Similarly, as the pulses of light, at the beginning of Two If By Sea, reproduce the call for a receiver in Morse code, they echo Laurie Anderson’s disembodied question “Is anybody home?” in Unintended Consequences. Invoking the necessity for performers to listen and respond to each other, this signal also triggers the viewers’ own attentiveness to the work. Throughout the evening, we are urged to pay attention to the artists’ own ‘languages of gesture and shadow’.

Imaging Sound as Movement | By Marie Tollon

In the first section of Kimi Okada’s Two If By Sea, presented later this month by ODC/Dance at YBCA, one of the two dancers sits upstage left, the other sits downstage right. Isolated in a pool of light while the rest of the stage remains dark, each appears settled on a remote island, a vast sea of possibilities between them. Unable to see each other, they communicate via the sound of their tap shoes clapping the floor rhythmically, in an apparent call and response mode. Taut as the cord of a raised bow and arrow, their body arcs forward, thirsty for the other’s utterance. They delineate the act of complete listening, recalling choreographer Martha Graham’s words: “A dancer’s art is built on an attitude of listening, with his whole being.”

Two If By Sea forms a timely prologue to ODC Theater 2014 Season: dedicated to the relationship between dance and music, it proposes artists and viewers alike to delve into the art of deep listening. What are ways in which music and dance inform each other? How does careful and attentive listening augment the viewing experience, and vice versa?

While performances are sprinkled throughout the season, two festivals -Walking Distance Dance Festival, in its third edition, and Music Moves- will display a wide array of works within a concentrated amount of time: “This season offers many different perspectives on how dance and music can relate,” says Theater Director Christy Bolingbroke. “Music Moves focuses the question of their relationship in a condensed way which is very exciting. One might say the festival uses music to teach us how to look at dance, and uses dance to teach us how to listen to music.”

In their essay Parameters Of Perception: Vision, Audition, and Twentieth-Century Music and Dance, composer Allen Fogelsanger and choreographer Kathleya Afanador note that “the relationship between sound and movement is both a close one and a complex one. The connections are not direct; the mapping is not one-to-one.” Where traditional dance may intertwine movements and sounds in a way where the body is responding to auditory stimuli, artists have continuously explored, torn apart and reimagined the connections between music and dance.

As Fogelsanger and Afanador write:

There has been considerable experimentation in the 20th-century in producing works in which sound and movement seem to be more complementary or even in competition rather than congruent (…) The theory of the independence of music and movement that has been present in American modern dance since the 1950s, traceable to John Cage and Merce Cunningham, rejects imposing a unity (…) The process of de- linking dance from music was finally brought to its logical endpoint with Cage composing indeterminate scores that shared only a common duration with the dance, so that dancers, as Cunningham relates, “could not count on the sounds as cues,” and ‘had to rely on [their] own dance timing to guard the length of any phrase.”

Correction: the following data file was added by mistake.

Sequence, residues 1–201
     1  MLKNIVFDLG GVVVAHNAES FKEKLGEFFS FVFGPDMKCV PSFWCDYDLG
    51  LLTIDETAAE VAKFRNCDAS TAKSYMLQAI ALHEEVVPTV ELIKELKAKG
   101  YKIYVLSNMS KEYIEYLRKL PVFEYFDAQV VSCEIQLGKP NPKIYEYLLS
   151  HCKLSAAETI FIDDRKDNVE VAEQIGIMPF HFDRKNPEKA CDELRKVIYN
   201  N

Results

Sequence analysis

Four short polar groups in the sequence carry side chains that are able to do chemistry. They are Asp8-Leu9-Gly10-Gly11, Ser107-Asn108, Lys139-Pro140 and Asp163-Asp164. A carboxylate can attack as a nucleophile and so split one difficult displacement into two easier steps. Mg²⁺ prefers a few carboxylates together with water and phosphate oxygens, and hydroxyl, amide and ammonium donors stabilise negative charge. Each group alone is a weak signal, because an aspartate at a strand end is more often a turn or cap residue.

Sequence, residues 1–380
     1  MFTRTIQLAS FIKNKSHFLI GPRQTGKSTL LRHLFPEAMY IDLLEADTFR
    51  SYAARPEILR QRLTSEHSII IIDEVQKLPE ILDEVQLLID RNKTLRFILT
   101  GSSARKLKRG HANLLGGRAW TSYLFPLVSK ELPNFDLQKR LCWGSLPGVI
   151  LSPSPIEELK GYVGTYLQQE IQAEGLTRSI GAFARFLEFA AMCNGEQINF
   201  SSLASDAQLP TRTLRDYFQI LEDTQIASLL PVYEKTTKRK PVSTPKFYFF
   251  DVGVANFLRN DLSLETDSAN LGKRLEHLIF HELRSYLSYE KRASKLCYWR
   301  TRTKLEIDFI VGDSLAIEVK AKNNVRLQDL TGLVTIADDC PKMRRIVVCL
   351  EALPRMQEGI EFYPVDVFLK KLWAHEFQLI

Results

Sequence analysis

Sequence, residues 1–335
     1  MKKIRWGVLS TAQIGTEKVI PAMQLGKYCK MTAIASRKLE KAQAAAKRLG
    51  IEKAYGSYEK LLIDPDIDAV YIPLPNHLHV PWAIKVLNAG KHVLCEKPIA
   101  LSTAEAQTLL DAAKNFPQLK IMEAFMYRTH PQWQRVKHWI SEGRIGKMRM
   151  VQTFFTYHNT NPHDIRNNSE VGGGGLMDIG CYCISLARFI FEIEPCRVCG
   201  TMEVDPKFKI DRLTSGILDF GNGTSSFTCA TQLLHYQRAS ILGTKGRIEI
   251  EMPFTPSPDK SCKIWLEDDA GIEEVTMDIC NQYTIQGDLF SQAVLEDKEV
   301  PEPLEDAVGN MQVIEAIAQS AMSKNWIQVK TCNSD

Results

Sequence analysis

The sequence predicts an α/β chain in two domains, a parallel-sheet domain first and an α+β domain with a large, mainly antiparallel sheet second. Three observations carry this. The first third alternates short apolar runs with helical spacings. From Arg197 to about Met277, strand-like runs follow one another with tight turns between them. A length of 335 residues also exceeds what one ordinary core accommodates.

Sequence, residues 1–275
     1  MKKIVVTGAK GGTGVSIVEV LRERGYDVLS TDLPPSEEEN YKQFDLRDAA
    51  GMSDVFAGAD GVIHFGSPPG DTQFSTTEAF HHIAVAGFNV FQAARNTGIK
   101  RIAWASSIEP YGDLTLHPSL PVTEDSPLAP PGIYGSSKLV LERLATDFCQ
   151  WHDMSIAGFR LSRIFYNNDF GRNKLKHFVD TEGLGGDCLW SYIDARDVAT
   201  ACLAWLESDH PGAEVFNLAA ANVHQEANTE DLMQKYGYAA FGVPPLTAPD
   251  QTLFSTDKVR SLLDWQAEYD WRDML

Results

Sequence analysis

Yet, as the authors pursue:

Whether or not relationships between music and dance are intended by their creators, viewers will inevitably attempt to construct connections between experiences that are coincident in time according to the Gestalt principles of perception (…) It has been shown that even when the intention of congruence between the auditory and the visual is removed, congruence can still be perceived and in fact very likely will be perceived (…) As [Robert] Mitchell and [Matthew] Gallaher conclude, “simultaneous presentation of visual and auditory stimuli (e.g., dance and music) may enhance the experience of a match between them from only a few similarities.”

How can we further explore the specific nature of how sound and movement relate and/or integrate? How do artists approach the score in relation to the choreography? And how does the dance make one see the music, how does the music make one listen to the movement?

BODYTRAFFIC's Guzman Rosado and Miguel Perez  in Richard Siegal's O2JOY.  Photo by Christopher Duggan

BODYTRAFFIC’s Guzman Rosado and Miguel Perez
in Richard Siegal’s O2JOY.
Photo by Christopher Duggan

Touching upon the capacity for both senses to feed each other, Linda Hodes, founding rehearsal Director of Taylor 2, said of choreographer Paul Taylor’s innate musicality: “I hear music differently after I’ve heard it through his eyes.” Movements can change the perception of a sound and vice versa. Richard Siegal’s o2Joy, performed by BODYTRAFFIC at ODC Theater this past fall, featured music by Ella Fitzgerald, Billie Holiday, Glenn Miller, and The Oscar Peterson Trio. The dance added new layers to the familiar tunes. As the dancers leaped through the stage or performed a quick savvy step, one could visualize the elasticity and playfulness of the music, in ways that would not have been possible if the music had not been accompanied by the movements generated by the performers. Similarly, in Gregory Dawson’s 808 KICK revised, presented at the 2014 Black Choreographers Festival last weekend, the sound of crashing waves emphasized the fluidity and texture of the performers’ movements.